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Gus Malzahn Will Remain Polarizing in Auburn

By Dave Holcomb
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To quiet the Malzahn doubters, the Tigers probably have to win eight or nine games this fall, including two from the list of contests where they will most likely be an underdog.

It wasn’t all that long ago that Gus Malzahn was the king of the town at Auburn.

In fact, it was just 18 months ago. Following the convincing win against Alabama in Nov. 2017, Auburn headed to the SEC Championship Game. Despite a loss against Georgia in that contest, Auburn signed Malzahn to a seven-year, $49 million contract.

Just one year into the deal, Malzahn is back to being a polarizing figure with the Tigers and will likely remain so through the end of 2019.

Proof of Malzahn dividing the Auburn faithful and the media has come in just the last 30 days.

Atlanta sports talk radio host Chuck Oliver said last week that there is no “realistic scenario” where Malzahn won’t be back to coach at Auburn in 2020.

“There is no realistic scenario (where Malzahn is fired),” Oliver said according to “If they go 2-10, that’s different, but that’s not a realistic scenario for Auburn. I think the only ramification would be, year from now, we’re talking about Gus Malzahn. I don’t believe that in December we’ll be talking about ‘who is Auburn going to get to be their head coach.’

“I think 7-5 would be a disappointment. But the defense is too good, they’ll be able to run the football, and they have a pretty impressive collection of receivers.”

Oliver didn’t mention Malzahn’s buyout, but that certainly is a factor as well. The massive buyout that was included in the seven-year contract makes discussing Malzahn’s job security almost a moot point.

SBNation reported last year that if Auburn fires Malzahn without cause, they will own him 75 percent of the total remaining amount on his contract, half of which must be paid to him within 30 days.

The only coaches with bigger buyouts in college football are national championship winning guys -- Nick Saban, Dabo Swinney and Jimbo Fisher.

Last year wasn’t the first time Auburn lost five games under Malzahn. Since going to the National Championship Game in 2013, the Tigers have lost at least five games in four of the last five seasons. In 2015, Malzahn and Auburn posted a 7-6 record.

If those disappointing seasons weren’t enough to fire Malzahn, then it’s hard to imagine a 7-5 mark in 2019 being enough with his buyout situation.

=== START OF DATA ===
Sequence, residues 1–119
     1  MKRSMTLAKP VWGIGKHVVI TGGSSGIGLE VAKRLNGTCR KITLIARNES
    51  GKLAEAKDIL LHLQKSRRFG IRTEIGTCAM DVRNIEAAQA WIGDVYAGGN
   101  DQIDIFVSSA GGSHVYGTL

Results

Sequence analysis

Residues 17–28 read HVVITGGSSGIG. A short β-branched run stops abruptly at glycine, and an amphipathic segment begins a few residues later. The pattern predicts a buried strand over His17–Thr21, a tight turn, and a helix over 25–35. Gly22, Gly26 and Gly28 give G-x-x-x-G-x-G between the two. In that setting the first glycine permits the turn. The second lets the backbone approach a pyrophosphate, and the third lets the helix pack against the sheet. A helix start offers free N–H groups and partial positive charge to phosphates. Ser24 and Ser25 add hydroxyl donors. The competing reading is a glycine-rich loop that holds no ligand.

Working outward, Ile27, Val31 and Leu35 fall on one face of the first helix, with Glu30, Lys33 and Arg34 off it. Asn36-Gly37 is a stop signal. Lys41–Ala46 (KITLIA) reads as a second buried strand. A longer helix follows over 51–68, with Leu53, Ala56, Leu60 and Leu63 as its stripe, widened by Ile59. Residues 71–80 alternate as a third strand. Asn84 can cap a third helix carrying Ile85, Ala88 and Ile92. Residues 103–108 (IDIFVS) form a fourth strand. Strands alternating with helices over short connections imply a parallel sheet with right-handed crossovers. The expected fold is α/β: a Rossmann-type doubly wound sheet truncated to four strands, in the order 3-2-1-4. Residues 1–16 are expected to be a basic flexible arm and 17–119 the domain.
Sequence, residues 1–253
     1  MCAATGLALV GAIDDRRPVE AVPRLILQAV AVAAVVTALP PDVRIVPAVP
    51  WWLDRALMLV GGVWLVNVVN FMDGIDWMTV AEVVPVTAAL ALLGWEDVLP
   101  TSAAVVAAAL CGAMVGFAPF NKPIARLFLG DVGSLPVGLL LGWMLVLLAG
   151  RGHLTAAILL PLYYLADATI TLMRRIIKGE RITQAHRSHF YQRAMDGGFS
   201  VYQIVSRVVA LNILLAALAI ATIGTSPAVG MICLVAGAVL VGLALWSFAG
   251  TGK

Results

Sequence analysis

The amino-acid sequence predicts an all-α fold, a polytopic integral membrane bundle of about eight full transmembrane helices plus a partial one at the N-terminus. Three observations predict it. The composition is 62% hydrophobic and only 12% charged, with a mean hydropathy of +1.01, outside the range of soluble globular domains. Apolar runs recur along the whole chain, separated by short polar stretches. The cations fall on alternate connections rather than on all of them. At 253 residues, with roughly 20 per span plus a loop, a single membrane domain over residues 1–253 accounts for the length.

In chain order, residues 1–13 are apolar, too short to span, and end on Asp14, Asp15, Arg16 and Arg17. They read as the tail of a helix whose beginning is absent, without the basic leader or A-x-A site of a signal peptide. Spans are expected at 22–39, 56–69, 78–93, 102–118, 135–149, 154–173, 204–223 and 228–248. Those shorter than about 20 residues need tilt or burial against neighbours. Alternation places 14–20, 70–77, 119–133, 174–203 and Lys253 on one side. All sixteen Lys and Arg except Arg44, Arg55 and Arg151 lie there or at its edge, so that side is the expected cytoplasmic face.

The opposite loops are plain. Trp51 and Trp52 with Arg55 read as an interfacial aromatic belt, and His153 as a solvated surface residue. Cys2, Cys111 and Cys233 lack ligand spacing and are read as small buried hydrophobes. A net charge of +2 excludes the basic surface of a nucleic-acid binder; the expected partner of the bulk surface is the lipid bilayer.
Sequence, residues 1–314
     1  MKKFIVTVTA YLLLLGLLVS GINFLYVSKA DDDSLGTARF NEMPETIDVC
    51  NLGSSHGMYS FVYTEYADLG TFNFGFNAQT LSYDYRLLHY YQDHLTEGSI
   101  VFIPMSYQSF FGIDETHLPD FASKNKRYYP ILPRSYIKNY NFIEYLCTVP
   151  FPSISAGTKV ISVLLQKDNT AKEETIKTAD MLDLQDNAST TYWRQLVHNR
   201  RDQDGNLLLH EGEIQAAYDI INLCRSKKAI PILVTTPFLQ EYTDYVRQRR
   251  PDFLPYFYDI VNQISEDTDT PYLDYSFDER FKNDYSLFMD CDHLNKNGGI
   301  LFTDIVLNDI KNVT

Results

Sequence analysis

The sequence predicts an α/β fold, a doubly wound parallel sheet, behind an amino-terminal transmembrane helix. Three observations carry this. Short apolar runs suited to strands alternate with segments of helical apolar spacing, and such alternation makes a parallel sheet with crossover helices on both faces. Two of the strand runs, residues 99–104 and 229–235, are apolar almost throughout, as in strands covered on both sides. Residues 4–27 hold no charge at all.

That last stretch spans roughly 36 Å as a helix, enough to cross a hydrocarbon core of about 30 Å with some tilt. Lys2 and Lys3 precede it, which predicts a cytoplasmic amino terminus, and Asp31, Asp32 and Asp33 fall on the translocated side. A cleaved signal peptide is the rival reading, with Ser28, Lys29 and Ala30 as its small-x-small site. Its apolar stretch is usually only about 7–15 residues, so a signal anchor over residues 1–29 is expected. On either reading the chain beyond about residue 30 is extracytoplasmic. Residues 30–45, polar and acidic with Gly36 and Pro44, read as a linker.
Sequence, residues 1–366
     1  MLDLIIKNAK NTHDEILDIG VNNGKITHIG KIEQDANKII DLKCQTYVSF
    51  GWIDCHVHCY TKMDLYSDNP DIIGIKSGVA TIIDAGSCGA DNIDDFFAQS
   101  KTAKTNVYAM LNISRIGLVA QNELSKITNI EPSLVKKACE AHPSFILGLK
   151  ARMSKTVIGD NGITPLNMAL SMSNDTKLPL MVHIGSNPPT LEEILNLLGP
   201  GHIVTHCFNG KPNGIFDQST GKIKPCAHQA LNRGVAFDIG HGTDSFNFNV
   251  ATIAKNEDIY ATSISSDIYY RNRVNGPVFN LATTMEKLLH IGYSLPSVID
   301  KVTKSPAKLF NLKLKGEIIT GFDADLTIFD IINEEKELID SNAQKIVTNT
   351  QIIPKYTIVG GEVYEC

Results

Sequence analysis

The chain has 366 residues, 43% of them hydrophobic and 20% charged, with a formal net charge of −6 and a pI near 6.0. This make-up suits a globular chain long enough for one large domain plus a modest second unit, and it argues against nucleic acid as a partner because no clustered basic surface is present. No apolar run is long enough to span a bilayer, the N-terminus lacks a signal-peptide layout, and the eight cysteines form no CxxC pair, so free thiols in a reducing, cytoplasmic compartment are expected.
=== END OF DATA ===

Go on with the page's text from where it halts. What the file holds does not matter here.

Another thing working in Malzahn’s favor is expectations from Las Vegas. Golden Nugget in Las Vegas have rated Auburn as an underdog against Alabama, Georgia, LSU, Texas A&M and Florida this fall. If Auburn isn’t expected to win any of those games, how one views a 7-5 finish for the Tigers is drastically different.

College football handicapper Danny Sheridan doesn’t agree, telling in May that Malzahn is “an underdog to be the Auburn coach after the season.” He argued that the Auburn coach taking over as offensive coordinator this year is “BS” because “he’s been the offensive coordinator for six years.” Sheridan also criticized Malzahn for not developing a quarterback and ruining Jarrett Stidham.

As is true with most cases, it’s hard to project prior to a season what needs to happen in order for a coach to be safe from a firing. There’s just too many variables to consider.

If Auburn’s offense is much better than it was a year ago, but the defense suffers a tremendous amount of injuries and that’s why they limp to a 7-5 mark, Malzahn probably won’t have to worry. A 7-5 finish with another mediocre offensive campaign then Malzahn’s seat is going to be a lot warmer.

Again, because of the buyout, barring an insane collapse, Malzahn will be Auburn’s coach in 2020. However, this idea that another five-loss season will stir the conversation of Malzahn’s exit in Auburn is a little off base. We’re already talking about it and have been since the middle of last season.

To quiet the Malzahn doubters, the Tigers probably have to win eight or nine games this fall, including two from the list of contests where they will most likely be an underdog.

If that doesn’t happen, Malzahn will still be in Auburn but will remain a polarizing coach among the fanbase and media.